For legal reasons that I still don’t understand, the leadership of the Reconstructionist movement had to change its official name this year, and they came up with Reconstructing Judaism. One of the speakers told us, defensively (because they’ve heard a lot of pushback), that it’s a great name because it’s a verb and implies action. And I felt like she was saying that being a Reconstructionist is an activity rather than an identity.

We are Jew-ing instead of Jewish.

But, what if I’m not up to Jew-ing one day? What if I’m tired and need a nap, does that mean I lose my identity? I don’t want to be told that my belonging to a community depends on the activities other people want me to do; that’s the same kind of rigidity I experienced growing up with Orthodoxy, just with a new set of rituals.

So maybe I will just remain a Jew, without a specifier. The fact is, I don’t mind doing the daily work of reconstructing my own version of Judaism, at my own pace, and based on my own feelings and beliefs. I just don’t want to be told that we all want, and think, and do, the same things; or that we should, if we want to belong. That’s not reconstructing Judaism, that’s reconstructing me to fit into Judaism. And I’m not okay with that.

Cricket thinks it’s ridiculous too. No one tells Cricket who to be.

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“No one tells me what to do, Mommy. No one.”

My Life as a Jewish Woman

One of my blogging friends suggested that I write about my life as a Jewish woman, and it scared me, because writing about being Jewish always scares me, just like writing about anything else people might judge me for scares me. I worry about anti-Semitism; I worry about people feeling alienated from me for being different; I worry about being rejected, and looked down on most of all. The image of the Jew as vermin has always stuck with me. I was born long after the holocaust, but it has never felt that far away.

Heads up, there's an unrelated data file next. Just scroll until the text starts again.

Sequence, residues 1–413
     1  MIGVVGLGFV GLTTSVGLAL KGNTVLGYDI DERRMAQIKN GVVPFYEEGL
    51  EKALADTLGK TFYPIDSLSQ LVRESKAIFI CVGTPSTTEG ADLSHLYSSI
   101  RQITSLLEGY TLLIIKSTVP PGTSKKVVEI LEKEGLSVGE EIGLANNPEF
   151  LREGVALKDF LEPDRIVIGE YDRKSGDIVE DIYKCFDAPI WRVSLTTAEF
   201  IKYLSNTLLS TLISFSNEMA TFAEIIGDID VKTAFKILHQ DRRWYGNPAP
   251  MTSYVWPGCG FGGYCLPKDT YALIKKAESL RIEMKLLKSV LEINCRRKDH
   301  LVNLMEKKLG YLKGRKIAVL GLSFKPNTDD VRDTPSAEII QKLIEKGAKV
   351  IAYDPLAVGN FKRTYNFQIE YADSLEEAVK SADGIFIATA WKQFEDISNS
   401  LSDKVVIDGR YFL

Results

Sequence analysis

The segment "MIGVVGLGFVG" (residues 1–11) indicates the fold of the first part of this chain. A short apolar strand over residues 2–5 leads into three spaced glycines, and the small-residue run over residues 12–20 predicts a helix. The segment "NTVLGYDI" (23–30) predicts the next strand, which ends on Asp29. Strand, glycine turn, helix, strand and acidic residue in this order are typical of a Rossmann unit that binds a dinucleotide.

“What are you talking about, Mommy?”

I grew up in Jewish environments, getting a Jewish education (or a few different Jewish educations), so being Jewish always felt normal to me. It was only when I went to college that being Jewish became an issue. Most of the higher educational world, no matter how many students at a school are Jewish, is based on a Christian world view. It is assumed that when you mention the bible, and you will, you mean the King James Version, including the New Testament. In a discussion about history or biology, or, god forbid, art history, teachers would reference books of the bible I’d never heard of, and I felt like I needed Google and Wikipedia, before such things existed.

“Ask me, Mommy. I know everything!”

It wasn’t just factual references that I missed and had to look up, there were world view things I couldn’t relate to. So much talk of heaven and hell, and turning the other cheek, had never come up in my childhood. I felt like I’d need a PhD in Christianity before I could understand much of anything. So I did my honors thesis on comparative religions, and read the King James Bible, and the New Testament, and the Koran, and forty other books on various religions around the world. I can’t pinpoint what I did with all of that information, and I didn’t feel like an expert when I was done, but I did feel more grounded. I felt like I knew enough to get by.